Consumer attitudes soured in June as U.S. consumer sentiment slid to a seven-month low, a new report showed on Friday, though still rising slightly above economists’ expectations.
U.S. consumer sentiment fell to 95.1 in June, sinking 2.1 percent from May and hitting the lowest level since November 2016. Economists expected the measure of consumer attitudes to fall further to 94.5, according to a survey from Thomson Reuters.
Consumer sentiment remained relatively stagnant in May at 97.1, a 0.1 point increase from April. A Thomson Reuters survey of economists expected the index to grow to 97.5 in May.
Still, consumer sentiment is holding on to historical highs in the first half of 2017. The first six months of the year yielded the highest average for the index since the second half of 2000, according to Richard Curtin, chief economist for the survey, in a press release.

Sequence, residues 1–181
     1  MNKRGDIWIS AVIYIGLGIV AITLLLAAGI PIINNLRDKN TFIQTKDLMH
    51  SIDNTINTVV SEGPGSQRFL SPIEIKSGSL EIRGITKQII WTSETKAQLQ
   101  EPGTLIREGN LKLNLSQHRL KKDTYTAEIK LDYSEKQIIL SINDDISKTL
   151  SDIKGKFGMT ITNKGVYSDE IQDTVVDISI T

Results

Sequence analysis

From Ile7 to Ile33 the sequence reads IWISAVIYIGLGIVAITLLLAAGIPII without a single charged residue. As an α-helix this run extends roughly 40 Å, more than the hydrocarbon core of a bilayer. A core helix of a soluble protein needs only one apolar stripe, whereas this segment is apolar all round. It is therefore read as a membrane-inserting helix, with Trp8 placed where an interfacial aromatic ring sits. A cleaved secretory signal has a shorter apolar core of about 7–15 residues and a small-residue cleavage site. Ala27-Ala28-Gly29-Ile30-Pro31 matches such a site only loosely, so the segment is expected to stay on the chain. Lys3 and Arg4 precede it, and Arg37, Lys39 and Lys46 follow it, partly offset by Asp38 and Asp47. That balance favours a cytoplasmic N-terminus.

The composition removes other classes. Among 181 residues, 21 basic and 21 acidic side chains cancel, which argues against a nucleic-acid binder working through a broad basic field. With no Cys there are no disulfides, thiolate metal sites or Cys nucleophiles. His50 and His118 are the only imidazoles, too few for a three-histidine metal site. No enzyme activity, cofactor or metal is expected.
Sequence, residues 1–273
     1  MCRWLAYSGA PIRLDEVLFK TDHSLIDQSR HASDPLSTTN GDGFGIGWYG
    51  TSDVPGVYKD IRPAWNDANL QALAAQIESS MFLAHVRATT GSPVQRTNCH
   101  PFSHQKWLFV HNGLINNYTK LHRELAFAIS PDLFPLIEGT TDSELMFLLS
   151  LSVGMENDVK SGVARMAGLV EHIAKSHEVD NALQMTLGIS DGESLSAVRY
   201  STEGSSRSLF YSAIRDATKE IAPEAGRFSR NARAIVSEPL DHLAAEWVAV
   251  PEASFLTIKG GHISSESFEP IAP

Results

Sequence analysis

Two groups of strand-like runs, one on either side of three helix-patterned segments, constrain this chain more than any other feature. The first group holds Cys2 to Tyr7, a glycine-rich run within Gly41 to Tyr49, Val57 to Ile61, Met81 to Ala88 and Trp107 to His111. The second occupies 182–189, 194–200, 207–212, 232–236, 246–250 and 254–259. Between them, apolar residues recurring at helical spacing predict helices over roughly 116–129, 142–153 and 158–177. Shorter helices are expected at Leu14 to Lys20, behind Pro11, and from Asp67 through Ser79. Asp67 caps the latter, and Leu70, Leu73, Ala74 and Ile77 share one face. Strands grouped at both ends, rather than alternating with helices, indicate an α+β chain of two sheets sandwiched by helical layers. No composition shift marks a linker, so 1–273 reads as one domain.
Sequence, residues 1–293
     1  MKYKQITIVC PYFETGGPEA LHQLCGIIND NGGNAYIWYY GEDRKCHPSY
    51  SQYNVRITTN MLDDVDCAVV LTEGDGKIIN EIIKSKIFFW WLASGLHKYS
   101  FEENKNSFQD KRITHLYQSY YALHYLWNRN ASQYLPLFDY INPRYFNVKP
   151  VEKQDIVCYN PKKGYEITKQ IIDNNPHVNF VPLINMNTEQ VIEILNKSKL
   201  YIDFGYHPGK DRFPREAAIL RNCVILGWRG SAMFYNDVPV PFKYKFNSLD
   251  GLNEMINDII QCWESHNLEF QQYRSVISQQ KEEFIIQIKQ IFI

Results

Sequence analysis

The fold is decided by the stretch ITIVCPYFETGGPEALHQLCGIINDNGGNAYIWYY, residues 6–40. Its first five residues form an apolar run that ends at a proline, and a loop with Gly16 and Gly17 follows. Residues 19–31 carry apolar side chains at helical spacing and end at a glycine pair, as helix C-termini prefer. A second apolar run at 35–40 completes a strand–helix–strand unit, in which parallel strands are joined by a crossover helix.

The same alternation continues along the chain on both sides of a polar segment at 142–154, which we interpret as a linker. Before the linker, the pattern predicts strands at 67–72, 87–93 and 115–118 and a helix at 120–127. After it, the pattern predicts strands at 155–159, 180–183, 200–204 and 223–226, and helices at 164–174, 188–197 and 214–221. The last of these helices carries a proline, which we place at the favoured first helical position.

While uncertainty in the economy remains high, Curtin said, it “has thus far been offset by the resurgent strength in the personal financial situation of consumers.”
The monthly survey by the University of Michigan measures 500 consumers’ attitudes toward topics such as personal finances, inflation, unemployment, government policies and interest rates.
Consumer sentiment over 10 years (source: University of Michigan)